Newsom details multiphase plan to manage mid-May COVID-19 spike

California+Governor+Gavin+Newsom+details+the+state%27s+multiphase+plan+for+combatting+the+projected+COVID-19+peak+in+mid-May+when+cases+requiring+acute+care+will+spike.

Courtesy Sacramento Bee

California Governor Gavin Newsom details the state's multiphase plan for combatting the projected COVID-19 peak in mid-May when cases requiring acute care will spike.

Mike Combs, Staff Writer

California Governor Gavin Newsom discussed the state’s multiphase plan to handle the expected peak of COVID-19 cases in mid-May at a press conference in Sacramento’s Sleep Train Arena on April 6. 

“Phase 1,” as Newsom called it, consists of buying at least 50,000 hospital beds, plus ventilators and personal protective equipment for medical personnel, and establishing 20,000 beds in alternate care sites for people with mild to moderate COVID-19 cases. 

Newsom’s “Phase 2” will be implemented if and when cases reach 50,000 and the state needs to utilize the extra beds and equipment. 

Newsom began by reminding the public that California has been battling with COVID-19 since January when repatriation flights started arriving from China. Since then, state officials have been taking inventory of supplies and developing a plan to meet the needs of the eventual peak. 

Besides the 50,000 beds, Newsom said California’s 416 hospitals are also buying beds on their own, increasing the current 75,000 beds by 30,000. 

“We are well on schedule,” Newsom said. 

In preparation for the surge in new cases, Newsom is also establishing alternative care sites that will provide  20,000 beds for people recovering from COVID-19 with mild to moderate symptoms. This will free up more hospital beds for acute care. 

Newsom was speaking from one site under preparation. 

The incomplete maze of white venting cylinders at Sleep Center Arena could be seen above him as he spoke. Sleep Center Arena should have 400 beds by April 20. Other sites include the Seaton Hospital in Daly City with 220 beds; St. Vincent’s Hospital in Los Angeles with 266 beds; the Fairview Developmental Center in Costa Mesa with 520 beds; the Porterville Developmental Center with 120 beds; and a San Carlos hotel with 120 beds. 

The federal government is also providing alternate care sites. The USNS Mercy is currently providing 550 beds. The federal government is also helping out with eight medical stations, providing a total of 2000 beds. Of the eight stations, five are already locked down, and three stations are still under preparation in Butte, San Diego and Fresno counties.  

Newsom also spoke about the increase in medical personnel through the Health Corps initiative established a week ago. The Health Corps recruits healthcare professionals with active licenses, public health professionals, medical retirees, medical and nursing students, and members of medical disaster response teams and deploys them where they can best serve the COVID-19 response. Newsom announced that 81,879 people have already filled out applications. Anyone who is able to apply is encouraged to do so at healthcorps.ca.gov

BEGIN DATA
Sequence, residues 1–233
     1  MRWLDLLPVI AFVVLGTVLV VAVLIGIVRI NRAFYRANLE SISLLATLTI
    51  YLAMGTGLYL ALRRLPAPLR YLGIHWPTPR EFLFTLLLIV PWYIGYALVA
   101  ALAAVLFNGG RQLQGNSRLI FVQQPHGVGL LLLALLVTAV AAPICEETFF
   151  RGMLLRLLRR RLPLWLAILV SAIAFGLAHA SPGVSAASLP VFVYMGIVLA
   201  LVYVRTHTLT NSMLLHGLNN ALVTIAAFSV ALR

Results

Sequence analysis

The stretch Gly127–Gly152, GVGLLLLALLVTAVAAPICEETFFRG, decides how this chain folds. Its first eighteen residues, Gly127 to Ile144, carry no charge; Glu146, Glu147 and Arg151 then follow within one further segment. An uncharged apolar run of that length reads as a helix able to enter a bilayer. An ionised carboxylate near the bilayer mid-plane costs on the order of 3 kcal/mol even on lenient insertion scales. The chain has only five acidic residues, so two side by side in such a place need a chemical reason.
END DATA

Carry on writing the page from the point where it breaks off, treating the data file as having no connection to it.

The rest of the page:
In addition to medical personnel, Newsom spoke of California’s growing inventory of ventilators as well. California has increased its supply from 7,587 ventilators in the beginning of the year to 11,036 thanks to the acquisition of new ventilators and the refurbishment of old units, plus the 500 that have been loaned to the federal government on a conditional basis and can be called back. 

Newsom said that the state has distributed 41.2 million masks already, and it is committed to procuring hundreds of millions more. 

Newsom told the public their participation is necessary for the COVID-19 response to be effective. The plan is based on computer modeling that assumes people will be practicing physical distancing and sheltering in place. 

“You are bending the curve,” Newsome said, although he was quick to remind Californians they must not let up now. “The model means nothing if we begin to step back and change our behavior by getting cabin fever and no longer practicing social distancing.” 

Vivek Ranadive, the owner of the Sacramento Kings, the team that used to play in the Sleep Center Arena, praised Newsom’s leadership. 

“Thanks to your actions, thousands, if not tens of thousands of lives have been saved,” Ranadive said. 

Santa Rosa Junior College students expressed their appreciation for the shelter-in-place order. 

Julia Ingalls, 23, a second-year student who works as a ranger at Doran Beach said, “The shelter in place order has protected a lot of people who would have to face the virus everyday.”

Another second year student, Annie Maddon, 23, said, “I’m happy to live here because our state seems to be taking this more seriously than most.” 

According to The New York Times, the number of cases in California per 100,000 people is 42, and the number of deaths per 100,000 people is less than one, which is better than other states with a similar amount of COVID-19 cases. For instance, Michigan has 20,220 cases and 10 deaths per 100,000 people, and Louisiana has 17,030 cases and 14 deaths per 100,000 people. This is most likely due to Newsom’s action to implement shelter-in-place orders before any other state. 

Coronavirus in California, by the numbers

In California, as of April 8: 

  • 16,957 people have tested positive for COVID-19
  • 1,154 people are in ICU, a 4.2% increase from the day before 
  • 2,714 people have been hospitalized, a 3.9% increase from yesterday
  • 442 people have died 
  • The death rate is at its highest, with 68 people dying in the last 24 hours 

Only 37.2% of the 16,957 cases in California reported their ethnic data. Of those 6,306 that reported:

  • 30% are Latino
  • 6% are black
  • 14% are Asian 

Of the 442 total deaths:

  • 29% are Latino
  • 3% are black
  • 16% are Asian